“We've looked at the implications of not expanding the urban boundary and the reality is, if we do that, our view is that we can't meet the needs of Peel households,” he told The Pointer in an interview.
Smith and his staff have explored both a market-based approach, and what a no settlement boundary expansion would look like—these are the two extreme scenarios. A housing market based approach would dictate Peel’s expansion, forcing the Region’s building stock to be roughly 48 percent single and semi detached homes. Without a boundary expansion, staff predicted 66 percent of the Region’s housing supply would have to be apartments, which don't appeal to homeowners according to Smith.
According to Regional planners, the housing market needs to be accommodated in the municipal comprehensive review.
(Region of Peel)
“So either we won't achieve growth that's been allocated to us, or housing affordability and availability and supply is going to be really, really, really constrained,” Smith said.
To understand what the public wants, Smith told The Pointer his staff and departments working on the MCR have undertaken multiple studies, outreach to communities, pop-up booths at farmers markets and throughout the pandemic pivoted to more online engagement.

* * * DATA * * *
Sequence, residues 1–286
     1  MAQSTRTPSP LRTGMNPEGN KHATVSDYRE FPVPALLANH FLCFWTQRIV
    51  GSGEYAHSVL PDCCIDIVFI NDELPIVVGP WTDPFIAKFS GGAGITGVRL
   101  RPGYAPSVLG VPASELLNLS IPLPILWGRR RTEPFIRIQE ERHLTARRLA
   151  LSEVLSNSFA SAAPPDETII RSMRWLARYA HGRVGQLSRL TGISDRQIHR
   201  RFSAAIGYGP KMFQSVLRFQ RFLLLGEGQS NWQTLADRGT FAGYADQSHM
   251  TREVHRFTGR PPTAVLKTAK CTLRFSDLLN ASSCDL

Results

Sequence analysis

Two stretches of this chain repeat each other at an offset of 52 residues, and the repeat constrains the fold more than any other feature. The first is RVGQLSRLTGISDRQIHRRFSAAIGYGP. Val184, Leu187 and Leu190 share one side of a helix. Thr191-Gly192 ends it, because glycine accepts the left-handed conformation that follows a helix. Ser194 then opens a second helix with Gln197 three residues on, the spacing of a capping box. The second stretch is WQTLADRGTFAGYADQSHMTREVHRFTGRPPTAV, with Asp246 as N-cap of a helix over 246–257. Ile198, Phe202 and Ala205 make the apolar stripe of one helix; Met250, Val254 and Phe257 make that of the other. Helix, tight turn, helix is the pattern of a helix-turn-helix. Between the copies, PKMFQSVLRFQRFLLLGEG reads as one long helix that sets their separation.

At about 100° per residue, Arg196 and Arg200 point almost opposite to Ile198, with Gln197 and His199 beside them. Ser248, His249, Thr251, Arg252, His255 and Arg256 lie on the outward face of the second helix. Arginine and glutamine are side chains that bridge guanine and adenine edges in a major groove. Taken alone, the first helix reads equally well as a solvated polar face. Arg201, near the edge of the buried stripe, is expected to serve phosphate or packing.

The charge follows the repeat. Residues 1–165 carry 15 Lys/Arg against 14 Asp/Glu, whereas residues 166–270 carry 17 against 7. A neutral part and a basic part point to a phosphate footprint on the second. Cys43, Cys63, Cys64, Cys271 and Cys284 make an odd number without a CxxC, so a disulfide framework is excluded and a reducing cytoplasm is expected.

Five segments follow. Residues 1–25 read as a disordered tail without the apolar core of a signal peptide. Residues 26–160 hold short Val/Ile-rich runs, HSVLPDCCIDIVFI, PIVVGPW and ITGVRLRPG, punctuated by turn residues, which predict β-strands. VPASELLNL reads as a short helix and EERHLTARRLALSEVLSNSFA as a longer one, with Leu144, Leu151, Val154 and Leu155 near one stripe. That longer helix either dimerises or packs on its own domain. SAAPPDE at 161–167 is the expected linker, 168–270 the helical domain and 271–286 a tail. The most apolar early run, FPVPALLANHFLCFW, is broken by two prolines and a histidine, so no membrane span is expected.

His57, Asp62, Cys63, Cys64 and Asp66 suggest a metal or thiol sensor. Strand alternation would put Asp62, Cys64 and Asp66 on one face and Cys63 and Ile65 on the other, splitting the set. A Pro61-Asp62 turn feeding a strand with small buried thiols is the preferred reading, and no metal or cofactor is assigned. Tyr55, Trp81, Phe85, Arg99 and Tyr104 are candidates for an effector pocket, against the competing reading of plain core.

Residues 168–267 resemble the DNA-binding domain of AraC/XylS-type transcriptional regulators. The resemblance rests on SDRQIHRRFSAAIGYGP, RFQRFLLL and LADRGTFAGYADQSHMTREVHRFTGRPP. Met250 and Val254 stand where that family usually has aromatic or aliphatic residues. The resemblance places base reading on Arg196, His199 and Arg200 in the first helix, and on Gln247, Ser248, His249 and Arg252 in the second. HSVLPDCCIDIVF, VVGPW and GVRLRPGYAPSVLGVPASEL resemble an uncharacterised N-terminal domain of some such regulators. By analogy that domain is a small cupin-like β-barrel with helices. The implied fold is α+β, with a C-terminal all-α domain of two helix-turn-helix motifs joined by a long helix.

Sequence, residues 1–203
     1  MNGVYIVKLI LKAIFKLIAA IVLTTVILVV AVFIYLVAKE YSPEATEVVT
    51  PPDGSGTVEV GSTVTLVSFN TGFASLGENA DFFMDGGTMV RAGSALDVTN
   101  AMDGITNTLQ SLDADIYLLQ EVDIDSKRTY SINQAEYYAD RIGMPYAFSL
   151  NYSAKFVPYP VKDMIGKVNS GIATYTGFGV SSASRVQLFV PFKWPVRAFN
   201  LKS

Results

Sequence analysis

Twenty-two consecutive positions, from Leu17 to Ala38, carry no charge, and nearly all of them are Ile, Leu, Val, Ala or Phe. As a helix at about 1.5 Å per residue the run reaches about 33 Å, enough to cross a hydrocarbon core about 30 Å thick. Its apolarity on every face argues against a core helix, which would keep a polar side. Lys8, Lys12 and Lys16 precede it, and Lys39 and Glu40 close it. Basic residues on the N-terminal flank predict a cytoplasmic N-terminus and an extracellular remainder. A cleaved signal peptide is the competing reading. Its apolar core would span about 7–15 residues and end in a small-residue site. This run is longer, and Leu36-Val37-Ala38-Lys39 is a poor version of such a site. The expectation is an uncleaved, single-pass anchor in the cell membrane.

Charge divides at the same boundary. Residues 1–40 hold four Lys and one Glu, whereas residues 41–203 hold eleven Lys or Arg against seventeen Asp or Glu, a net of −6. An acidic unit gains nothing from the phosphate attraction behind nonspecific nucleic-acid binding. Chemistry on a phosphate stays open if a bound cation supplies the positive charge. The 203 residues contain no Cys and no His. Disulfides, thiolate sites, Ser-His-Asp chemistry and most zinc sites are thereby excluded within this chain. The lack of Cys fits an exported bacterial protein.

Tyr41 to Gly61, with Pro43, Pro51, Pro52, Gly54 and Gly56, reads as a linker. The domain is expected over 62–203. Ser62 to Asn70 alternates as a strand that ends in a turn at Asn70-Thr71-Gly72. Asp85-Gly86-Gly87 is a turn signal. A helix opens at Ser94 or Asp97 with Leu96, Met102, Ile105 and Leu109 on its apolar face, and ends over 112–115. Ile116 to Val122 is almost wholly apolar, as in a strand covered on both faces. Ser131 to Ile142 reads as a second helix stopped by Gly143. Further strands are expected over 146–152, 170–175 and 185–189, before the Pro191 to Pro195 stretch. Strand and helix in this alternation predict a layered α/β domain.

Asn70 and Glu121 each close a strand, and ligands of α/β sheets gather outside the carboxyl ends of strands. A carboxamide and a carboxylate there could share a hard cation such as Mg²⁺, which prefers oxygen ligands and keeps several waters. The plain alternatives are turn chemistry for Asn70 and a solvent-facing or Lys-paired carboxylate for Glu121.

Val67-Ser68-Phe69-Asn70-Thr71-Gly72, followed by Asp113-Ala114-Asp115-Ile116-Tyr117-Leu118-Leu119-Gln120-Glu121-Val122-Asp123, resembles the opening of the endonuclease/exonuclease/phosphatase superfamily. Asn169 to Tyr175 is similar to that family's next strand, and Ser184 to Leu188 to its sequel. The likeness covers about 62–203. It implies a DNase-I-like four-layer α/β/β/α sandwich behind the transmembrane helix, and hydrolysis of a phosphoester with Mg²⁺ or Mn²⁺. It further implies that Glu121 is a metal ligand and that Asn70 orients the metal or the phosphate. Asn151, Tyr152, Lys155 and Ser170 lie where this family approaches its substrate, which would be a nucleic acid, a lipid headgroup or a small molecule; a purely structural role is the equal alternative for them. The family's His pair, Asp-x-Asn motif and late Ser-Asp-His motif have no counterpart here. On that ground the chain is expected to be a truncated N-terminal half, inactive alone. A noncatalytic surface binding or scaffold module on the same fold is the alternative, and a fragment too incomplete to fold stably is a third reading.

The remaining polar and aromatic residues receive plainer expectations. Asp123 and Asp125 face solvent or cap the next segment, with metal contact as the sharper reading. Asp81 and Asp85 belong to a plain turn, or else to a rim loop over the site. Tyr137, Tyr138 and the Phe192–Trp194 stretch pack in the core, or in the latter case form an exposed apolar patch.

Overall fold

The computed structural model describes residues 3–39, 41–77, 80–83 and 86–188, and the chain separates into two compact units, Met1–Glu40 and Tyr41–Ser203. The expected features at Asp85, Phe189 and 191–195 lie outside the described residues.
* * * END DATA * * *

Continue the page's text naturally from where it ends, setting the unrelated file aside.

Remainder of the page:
The Province mandates studies like the Land Needs Assessment (LNA) which draws conclusions for a Settlement Area Boundary Expansion (SABE). The LNA took into account five different scenarios with ranges of density and amount of land needed to accommodate the increase in population. The Province set a minimum intensification rate for Peel at 50 percent. Staff’s recommended “balanced approach” has the intensification rate at 55 percent with boundary expansion. Without encroaching further into rural Caledon the intensification rate would be around 75 percent according to previous staff reports.